Lauderdale considering options for Eustis Street

By Anne Holzman

Officials in Lauderdale are considering whether to accept ownership of Eustis Street on the steep slope south of Larpenteur Avenue.

In exchange Ramsey County, which currently owns the strip, would add a sidewalk and cover construction costs when they repave the street as scheduled in 2025.The city would accept responsibility for maintenance going forward.

If the city turns down that proposal, the county will upgrade drainage, improve the intersection at Larpenteur and repave the road, charging the city cost-sharing fees of about $600,000. In that case, they would not add a sidewalk. The county would be responsible for ongoing maintenance.

This possible scenario is emerging in the wake of neighbors campaigning for years to have a sidewalk installed along the stretch, which connects Lauderdale to the Route 3 bus stop at Como and Highway 280, as well as to St. Anthony Park amenities.

Ramsey County has rejected the sidewalk proposal because of safety hazards and the difficulty of meeting disability access requirements.

Last fall, Ramsey County recruited engineering students from the University of St. Thomas to propose solutions to the site’s steep grade and drainage problems. They came up with four alternatives, including a sidewalk on either the east or west side of the street, bolstered by retaining walls.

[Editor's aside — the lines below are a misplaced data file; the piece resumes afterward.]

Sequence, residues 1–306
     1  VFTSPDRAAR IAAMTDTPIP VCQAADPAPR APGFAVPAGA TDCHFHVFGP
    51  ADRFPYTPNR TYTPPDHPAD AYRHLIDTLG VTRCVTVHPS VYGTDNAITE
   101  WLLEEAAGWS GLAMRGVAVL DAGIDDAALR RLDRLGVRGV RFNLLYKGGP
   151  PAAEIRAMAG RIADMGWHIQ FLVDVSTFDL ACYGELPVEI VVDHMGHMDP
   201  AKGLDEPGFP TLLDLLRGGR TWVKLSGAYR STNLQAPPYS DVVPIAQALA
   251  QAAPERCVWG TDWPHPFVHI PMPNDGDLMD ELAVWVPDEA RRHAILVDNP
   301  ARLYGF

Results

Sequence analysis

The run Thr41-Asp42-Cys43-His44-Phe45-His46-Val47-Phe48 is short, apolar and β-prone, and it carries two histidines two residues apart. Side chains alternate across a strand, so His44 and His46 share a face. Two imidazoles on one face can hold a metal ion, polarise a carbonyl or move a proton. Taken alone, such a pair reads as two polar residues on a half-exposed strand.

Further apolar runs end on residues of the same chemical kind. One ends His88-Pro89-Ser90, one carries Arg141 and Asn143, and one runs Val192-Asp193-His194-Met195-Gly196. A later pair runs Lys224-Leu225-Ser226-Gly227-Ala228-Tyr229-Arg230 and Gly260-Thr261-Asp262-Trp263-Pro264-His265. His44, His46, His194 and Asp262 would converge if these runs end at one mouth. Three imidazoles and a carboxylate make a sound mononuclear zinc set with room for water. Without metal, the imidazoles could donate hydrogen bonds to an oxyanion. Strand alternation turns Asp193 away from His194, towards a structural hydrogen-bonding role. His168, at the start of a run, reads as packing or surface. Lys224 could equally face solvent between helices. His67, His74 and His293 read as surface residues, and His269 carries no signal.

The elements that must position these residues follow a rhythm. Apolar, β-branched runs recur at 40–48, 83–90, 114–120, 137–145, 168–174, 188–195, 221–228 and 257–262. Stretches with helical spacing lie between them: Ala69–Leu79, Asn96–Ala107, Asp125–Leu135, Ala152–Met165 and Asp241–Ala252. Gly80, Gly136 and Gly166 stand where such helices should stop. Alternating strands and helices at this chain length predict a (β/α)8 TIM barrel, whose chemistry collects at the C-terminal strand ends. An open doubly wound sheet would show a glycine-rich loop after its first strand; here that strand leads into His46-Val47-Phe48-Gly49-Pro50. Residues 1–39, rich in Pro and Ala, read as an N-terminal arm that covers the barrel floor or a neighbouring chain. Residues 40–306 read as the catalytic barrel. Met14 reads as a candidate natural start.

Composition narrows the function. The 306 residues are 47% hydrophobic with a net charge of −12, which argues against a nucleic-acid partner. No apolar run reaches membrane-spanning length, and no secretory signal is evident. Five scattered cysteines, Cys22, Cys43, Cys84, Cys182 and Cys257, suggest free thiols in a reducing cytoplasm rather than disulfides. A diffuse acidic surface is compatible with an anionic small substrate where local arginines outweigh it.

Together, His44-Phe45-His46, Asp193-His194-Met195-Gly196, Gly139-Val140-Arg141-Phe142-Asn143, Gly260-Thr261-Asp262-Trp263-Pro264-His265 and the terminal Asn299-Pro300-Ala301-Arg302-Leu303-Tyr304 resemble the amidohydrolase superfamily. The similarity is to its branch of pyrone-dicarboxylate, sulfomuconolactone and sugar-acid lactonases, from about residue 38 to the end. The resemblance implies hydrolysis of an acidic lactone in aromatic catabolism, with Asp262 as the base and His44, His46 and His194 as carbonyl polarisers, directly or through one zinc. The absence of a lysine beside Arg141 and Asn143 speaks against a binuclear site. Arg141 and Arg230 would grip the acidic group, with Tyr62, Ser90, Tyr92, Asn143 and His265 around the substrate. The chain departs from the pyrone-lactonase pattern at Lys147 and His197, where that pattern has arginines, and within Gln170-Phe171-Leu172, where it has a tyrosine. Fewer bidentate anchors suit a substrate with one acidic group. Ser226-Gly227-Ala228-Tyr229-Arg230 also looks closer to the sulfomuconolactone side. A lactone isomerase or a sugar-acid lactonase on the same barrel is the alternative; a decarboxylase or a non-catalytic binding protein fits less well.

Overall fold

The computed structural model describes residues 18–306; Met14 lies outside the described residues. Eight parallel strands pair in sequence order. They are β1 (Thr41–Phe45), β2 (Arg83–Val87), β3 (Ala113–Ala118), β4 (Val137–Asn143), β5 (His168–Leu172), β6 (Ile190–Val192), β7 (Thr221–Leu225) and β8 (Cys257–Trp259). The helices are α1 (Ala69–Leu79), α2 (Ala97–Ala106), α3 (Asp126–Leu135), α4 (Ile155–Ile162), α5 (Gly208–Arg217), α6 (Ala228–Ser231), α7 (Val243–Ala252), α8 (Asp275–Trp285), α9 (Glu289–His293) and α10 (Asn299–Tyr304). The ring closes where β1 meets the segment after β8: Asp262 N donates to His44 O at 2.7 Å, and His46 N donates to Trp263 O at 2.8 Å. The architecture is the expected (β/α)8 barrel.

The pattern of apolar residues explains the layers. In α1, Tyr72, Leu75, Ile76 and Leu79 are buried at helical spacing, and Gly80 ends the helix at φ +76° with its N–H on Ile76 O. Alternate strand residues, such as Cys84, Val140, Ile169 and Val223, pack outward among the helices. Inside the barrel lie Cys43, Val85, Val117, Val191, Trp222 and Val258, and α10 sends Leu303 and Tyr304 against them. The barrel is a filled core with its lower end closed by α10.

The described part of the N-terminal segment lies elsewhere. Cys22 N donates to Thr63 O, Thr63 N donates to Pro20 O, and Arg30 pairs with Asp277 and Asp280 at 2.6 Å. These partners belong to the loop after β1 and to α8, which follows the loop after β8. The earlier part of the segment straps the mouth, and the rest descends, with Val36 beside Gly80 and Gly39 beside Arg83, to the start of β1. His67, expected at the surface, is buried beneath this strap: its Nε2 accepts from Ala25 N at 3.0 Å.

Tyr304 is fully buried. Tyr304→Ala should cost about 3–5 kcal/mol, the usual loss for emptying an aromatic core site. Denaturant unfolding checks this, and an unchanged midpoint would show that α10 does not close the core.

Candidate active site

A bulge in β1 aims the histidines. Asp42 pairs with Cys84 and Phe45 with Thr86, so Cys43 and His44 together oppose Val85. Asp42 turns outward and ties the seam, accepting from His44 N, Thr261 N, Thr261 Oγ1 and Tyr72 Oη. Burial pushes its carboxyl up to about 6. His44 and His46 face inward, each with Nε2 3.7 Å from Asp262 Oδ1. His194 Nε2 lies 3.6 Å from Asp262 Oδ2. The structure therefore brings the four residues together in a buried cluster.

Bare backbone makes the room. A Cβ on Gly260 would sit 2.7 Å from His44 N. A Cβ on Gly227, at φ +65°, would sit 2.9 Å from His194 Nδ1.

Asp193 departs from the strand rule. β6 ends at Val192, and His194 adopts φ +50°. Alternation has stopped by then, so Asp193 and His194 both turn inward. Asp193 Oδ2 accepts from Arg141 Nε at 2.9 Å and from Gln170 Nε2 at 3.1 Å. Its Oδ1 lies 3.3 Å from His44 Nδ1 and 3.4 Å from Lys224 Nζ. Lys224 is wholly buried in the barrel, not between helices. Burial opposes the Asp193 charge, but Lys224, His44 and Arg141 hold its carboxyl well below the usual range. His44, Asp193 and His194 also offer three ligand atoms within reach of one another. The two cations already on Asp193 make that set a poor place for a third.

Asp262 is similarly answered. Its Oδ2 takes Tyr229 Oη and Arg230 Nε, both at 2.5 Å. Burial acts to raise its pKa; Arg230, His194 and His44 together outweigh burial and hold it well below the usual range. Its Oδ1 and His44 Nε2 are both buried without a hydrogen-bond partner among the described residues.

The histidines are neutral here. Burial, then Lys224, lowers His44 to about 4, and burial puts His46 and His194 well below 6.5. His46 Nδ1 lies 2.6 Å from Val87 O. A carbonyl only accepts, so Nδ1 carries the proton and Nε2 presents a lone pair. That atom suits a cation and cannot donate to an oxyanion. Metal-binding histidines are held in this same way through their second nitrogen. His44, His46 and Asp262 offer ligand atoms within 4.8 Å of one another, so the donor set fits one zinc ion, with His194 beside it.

This past February, county engineer Alan Maxwell appeared before the Lauderdale City Council to introduce the plans. Neighbors were invited to an open house on March 7, where they could vote on the plans.

At its March 28 meeting, the council discussed reactions from the open house.

Council member Jeff Dains said he hears “over and over” about Eustis Street and knows people who walk down that hill to catch the bus.

City Administrator Heather Butkowski reminded the council that Metro Transit plans for Bus Rapid Transit Line H may affect Route 3.

Mayor Mary Gaasch said, “All the votes were for the sidewalk options.” But the council agreed that the open house format had not allowed for a clear explanation of comparative costs, so Maxwell came back to the council on April 25 with the $600,000 estimate and cost-sharing details.

City Administrator Heather Butkowski told the Bugle in early May that city staff and council will revise their long-term financial plan this summer and decide on the ownership question. They need to decide how to proceed on the project by late 2024, when the county will put the project out for bid, assuming that it remains a county road.

Either way, Butkowski said, the county will go ahead with the work in 2025. 

Anne Holzman is a Bugle freelance writer who covers Falcon Heights and Lauderdale government news.

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